I couldn't control my gambling with willpower alone I needed Gamblers Anonymous and a psychologist. If there is a Gamblers Anonymous meeting in your area you may want to casually mention it to your husband and if you are so inclined tell him you will go with him. I am sure he will not want to go because it sounds like he is not ready to admit he cannot gamble like the rest of the world but it is worth a try. Also, compulsive gambling is not a financial problem even though most people think it is. Compulsive gambling is an emotional problem, we become addicted to either the "action" or "escape" and sometimes both.

I wish the best with everything.

Paul D.

 

Thanks for your responses. The weirdest thing is that my Husband knows he has a gambling problem, tells me all the time. He also says that he can not get it under control. My husband works very hard and makes really good money being a landscaper but non of the money comes into the house. NOT a dime. He says he keeps gambling because he knows the next day he can just make up what lost the day before. Even though he admits it is a problem, I see no desire on his part to stop. Theres no action. There were nights when I had run out money, and our babies were completely out of diapers and hes at the track. I know my reality, I need to find the strength to keep my head above water.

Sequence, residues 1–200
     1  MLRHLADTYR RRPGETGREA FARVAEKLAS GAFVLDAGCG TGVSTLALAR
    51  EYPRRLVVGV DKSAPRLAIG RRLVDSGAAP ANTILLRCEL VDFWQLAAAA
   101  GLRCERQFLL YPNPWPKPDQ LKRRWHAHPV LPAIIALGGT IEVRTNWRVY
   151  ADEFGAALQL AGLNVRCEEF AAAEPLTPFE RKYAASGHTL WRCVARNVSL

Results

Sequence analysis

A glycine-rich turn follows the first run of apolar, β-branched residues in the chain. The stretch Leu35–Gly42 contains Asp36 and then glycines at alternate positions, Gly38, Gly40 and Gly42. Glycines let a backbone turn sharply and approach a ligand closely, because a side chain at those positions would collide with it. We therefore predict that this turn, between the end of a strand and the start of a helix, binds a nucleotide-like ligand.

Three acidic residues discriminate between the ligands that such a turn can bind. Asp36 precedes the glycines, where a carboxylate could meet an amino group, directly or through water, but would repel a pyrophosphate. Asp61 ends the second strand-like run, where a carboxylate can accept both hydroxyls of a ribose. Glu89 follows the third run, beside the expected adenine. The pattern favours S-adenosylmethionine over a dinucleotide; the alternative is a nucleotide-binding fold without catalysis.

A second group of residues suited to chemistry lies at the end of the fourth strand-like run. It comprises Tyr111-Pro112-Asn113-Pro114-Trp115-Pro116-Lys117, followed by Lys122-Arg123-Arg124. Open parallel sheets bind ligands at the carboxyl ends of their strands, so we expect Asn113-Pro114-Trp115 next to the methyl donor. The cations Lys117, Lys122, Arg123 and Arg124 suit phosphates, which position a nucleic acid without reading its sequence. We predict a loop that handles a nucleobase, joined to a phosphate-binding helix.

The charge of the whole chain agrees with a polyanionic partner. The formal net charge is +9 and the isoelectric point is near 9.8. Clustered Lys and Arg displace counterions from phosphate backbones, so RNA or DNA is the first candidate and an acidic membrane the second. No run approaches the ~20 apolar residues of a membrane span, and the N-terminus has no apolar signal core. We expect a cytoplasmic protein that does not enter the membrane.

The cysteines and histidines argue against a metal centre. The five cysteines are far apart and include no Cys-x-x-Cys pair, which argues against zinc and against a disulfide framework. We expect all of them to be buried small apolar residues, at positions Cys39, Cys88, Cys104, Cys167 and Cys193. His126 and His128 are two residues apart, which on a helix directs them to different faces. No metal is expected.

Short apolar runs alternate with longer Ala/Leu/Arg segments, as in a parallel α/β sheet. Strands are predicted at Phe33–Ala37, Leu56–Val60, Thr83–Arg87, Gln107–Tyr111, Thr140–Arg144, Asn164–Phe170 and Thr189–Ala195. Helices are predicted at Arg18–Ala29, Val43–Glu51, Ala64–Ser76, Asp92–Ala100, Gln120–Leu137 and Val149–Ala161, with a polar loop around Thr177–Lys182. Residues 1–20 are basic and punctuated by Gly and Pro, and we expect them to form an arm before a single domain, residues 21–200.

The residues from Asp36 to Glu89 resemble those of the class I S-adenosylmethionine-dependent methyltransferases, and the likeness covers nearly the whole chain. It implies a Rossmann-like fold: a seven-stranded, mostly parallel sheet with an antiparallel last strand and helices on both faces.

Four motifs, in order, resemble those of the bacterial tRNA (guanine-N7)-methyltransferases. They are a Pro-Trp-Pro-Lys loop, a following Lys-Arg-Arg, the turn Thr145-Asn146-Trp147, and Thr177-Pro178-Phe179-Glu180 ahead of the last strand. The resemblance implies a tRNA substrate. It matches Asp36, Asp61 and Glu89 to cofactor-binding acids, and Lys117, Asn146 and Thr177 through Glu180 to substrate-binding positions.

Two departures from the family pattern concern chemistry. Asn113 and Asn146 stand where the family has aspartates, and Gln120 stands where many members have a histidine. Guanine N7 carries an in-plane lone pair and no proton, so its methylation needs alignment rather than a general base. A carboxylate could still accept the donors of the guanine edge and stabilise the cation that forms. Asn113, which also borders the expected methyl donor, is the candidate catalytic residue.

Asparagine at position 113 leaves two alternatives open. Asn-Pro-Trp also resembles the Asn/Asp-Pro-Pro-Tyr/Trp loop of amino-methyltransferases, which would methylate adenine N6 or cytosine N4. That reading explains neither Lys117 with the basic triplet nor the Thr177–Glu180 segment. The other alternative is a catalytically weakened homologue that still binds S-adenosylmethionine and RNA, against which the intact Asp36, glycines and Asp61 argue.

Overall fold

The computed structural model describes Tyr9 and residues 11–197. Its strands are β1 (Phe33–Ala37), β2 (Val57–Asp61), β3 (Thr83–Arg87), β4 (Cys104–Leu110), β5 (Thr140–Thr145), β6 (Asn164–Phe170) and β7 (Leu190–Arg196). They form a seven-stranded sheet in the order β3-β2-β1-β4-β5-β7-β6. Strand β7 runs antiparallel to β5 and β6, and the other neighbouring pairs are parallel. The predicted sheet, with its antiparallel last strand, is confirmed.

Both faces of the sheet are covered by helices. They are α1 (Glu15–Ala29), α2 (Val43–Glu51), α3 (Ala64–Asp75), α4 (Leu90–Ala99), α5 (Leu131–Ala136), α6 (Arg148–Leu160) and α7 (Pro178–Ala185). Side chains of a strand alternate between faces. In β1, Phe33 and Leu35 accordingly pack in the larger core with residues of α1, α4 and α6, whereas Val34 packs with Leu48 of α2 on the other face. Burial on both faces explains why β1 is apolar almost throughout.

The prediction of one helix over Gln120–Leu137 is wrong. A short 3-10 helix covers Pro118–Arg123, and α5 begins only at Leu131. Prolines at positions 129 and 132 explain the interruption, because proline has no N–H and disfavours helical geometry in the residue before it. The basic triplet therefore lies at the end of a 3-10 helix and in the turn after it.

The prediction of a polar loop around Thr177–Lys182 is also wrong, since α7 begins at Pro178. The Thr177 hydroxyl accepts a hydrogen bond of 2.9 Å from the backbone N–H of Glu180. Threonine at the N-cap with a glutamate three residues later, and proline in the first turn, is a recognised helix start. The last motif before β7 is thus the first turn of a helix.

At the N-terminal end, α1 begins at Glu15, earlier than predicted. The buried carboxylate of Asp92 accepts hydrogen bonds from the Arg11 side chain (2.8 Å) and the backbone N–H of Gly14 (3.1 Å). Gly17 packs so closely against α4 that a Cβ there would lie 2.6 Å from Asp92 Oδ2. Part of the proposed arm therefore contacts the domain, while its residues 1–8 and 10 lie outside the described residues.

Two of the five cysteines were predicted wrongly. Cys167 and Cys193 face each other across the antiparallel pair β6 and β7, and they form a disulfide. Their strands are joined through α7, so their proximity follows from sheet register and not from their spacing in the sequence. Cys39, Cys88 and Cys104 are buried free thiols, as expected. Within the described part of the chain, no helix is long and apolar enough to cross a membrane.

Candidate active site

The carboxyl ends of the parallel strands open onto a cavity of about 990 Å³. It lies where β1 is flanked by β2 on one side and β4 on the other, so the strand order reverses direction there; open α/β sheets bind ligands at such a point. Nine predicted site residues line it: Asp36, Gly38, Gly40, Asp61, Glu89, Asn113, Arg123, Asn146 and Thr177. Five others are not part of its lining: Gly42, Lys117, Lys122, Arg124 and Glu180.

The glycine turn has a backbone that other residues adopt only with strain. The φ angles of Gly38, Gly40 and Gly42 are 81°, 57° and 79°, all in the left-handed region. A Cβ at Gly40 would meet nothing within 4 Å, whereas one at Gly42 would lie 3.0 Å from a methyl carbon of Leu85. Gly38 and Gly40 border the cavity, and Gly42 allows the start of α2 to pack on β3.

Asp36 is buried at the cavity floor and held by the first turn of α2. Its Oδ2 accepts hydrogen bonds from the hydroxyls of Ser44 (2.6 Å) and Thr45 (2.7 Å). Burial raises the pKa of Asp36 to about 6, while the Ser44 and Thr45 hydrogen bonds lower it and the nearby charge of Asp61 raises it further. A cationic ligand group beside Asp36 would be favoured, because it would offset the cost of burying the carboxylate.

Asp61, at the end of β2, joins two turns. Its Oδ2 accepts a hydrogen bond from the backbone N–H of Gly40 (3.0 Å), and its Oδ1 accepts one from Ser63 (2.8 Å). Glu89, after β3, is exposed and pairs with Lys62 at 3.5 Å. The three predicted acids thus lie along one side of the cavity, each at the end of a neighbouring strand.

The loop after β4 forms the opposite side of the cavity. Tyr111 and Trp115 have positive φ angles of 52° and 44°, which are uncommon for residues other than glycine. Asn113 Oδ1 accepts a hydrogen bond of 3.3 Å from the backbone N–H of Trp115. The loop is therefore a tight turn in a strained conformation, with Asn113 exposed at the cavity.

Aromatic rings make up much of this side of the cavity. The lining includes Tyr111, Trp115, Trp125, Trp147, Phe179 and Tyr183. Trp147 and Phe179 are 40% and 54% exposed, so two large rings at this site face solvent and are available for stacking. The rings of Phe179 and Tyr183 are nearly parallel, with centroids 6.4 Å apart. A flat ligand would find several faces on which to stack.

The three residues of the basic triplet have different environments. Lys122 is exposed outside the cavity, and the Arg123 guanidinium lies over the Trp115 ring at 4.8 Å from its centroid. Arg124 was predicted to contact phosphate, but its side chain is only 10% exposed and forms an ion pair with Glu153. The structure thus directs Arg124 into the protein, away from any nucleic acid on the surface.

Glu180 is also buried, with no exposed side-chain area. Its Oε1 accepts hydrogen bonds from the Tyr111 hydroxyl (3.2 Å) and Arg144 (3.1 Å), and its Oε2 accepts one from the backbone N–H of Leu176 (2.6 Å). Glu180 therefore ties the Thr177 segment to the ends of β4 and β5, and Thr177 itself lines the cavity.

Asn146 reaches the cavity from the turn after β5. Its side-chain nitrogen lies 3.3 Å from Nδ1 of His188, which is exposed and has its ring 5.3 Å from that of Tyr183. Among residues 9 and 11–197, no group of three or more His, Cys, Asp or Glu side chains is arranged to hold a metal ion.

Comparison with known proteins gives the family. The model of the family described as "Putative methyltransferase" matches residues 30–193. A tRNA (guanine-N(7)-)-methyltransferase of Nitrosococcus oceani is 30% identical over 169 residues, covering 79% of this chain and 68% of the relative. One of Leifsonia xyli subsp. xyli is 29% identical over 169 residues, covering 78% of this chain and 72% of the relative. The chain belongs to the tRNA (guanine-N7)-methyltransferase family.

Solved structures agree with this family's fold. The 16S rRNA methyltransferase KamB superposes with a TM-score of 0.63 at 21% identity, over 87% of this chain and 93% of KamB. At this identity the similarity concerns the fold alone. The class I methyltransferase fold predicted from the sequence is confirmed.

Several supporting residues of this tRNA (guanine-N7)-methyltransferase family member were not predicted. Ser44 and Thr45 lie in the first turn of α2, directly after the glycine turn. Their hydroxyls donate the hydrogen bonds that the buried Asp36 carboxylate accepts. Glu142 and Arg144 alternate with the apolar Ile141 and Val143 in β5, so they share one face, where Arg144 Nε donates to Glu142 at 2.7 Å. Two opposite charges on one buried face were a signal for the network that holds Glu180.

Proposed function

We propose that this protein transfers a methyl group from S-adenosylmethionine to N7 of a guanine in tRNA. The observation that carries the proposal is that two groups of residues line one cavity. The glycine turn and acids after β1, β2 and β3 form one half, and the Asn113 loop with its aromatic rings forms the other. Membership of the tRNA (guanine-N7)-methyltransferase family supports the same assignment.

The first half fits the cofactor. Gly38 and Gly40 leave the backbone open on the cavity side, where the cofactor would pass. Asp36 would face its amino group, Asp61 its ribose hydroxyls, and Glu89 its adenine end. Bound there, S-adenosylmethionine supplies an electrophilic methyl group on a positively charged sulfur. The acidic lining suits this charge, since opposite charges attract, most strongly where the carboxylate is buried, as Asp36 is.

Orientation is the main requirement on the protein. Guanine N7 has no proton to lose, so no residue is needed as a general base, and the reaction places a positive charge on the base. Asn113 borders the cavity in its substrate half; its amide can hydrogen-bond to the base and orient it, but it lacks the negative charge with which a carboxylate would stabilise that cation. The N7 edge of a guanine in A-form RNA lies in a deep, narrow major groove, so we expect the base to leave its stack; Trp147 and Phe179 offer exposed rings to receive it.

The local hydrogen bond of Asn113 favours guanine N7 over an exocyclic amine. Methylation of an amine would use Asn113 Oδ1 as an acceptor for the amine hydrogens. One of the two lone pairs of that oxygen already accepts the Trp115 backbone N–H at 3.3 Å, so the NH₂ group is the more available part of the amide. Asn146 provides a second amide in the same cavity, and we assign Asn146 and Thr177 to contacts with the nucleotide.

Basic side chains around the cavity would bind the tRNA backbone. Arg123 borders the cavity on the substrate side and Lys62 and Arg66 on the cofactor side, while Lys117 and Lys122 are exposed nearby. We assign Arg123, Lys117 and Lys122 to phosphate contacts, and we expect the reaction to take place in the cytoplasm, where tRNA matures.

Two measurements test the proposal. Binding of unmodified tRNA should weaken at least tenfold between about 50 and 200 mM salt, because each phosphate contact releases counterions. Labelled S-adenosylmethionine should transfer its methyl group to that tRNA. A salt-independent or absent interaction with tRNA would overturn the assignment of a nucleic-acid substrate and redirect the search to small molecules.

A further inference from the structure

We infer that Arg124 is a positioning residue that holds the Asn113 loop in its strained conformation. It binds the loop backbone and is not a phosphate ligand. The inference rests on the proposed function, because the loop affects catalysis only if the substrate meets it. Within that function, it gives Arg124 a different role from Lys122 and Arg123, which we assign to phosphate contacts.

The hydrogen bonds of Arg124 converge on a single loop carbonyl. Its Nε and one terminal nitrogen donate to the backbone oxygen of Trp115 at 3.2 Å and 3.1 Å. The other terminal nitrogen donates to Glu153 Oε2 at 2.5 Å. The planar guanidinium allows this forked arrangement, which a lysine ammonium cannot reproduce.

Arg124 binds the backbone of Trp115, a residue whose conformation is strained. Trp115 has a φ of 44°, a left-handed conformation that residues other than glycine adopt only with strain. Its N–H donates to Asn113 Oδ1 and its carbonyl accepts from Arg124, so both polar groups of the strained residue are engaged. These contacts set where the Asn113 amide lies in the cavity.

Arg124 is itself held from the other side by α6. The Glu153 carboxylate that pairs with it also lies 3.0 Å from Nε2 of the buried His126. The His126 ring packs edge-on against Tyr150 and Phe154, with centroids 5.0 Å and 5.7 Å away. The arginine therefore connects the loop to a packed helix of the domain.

Hello everyone,

I'd like to share my view on this. First with what Jane said about her husband. I can only speak from experience...sometimes people, like myself, grow out of certain things, especially addiction. There's a saying in the addiction community, "Tired of being tired." I just got tired of feeling guilty and ashamed about myself. It didn't feel good, so I tried my best to stop it. Sometimes I had relapses but they were short lived and I moved on with life.

As a former compulsive gambler, I used to criticize and condemn people for the smallest things. What was really happening was I was criticizing and condemning myself and I was projecting my insecurity into other people. When I learned to stop being hard on myself, I got along with everyone great. I didn't have a need to escape reality.

I also became realistic about my goals. I can only do my best and realized that if I wanted anything in life, that I'd have to work for it. THE CASINO IS NOT GOING TO GIVE ME ANYTHING. ALL IT WILL DO IS TAKE AWAY MY DIGNITY AND DREAMS.

We all have our demons. I wish the best for everyone. I've come to the realization that life is what we make of it. If we want to be happy, we have to work for it. If we want to be something or somebody in the future, we have to be that something or that somebody TODAY.

I think that one of the saddest things in life is to be on our dying bed and realizing we didn't try to become the person we wanted to in life. The operative word here is "try." Try your best to help your son, but I don't think you should feel guilty if he continues to gamble and squanders his life away. If you try your best each day, you will sleep better at night.

I've been on this journey for almost a year now and I have so much more to learn about people and life. Some adages in life are true. "Life is too short to belittle", "Patience is a virtue", "Charity begins at home", "You can't make anyone happy until you can make yourself happy first", "Do unto others what you would have them done unto you."

I wish everyone the best.

 

GREAT WORDS SPOKEN, HONESTY !!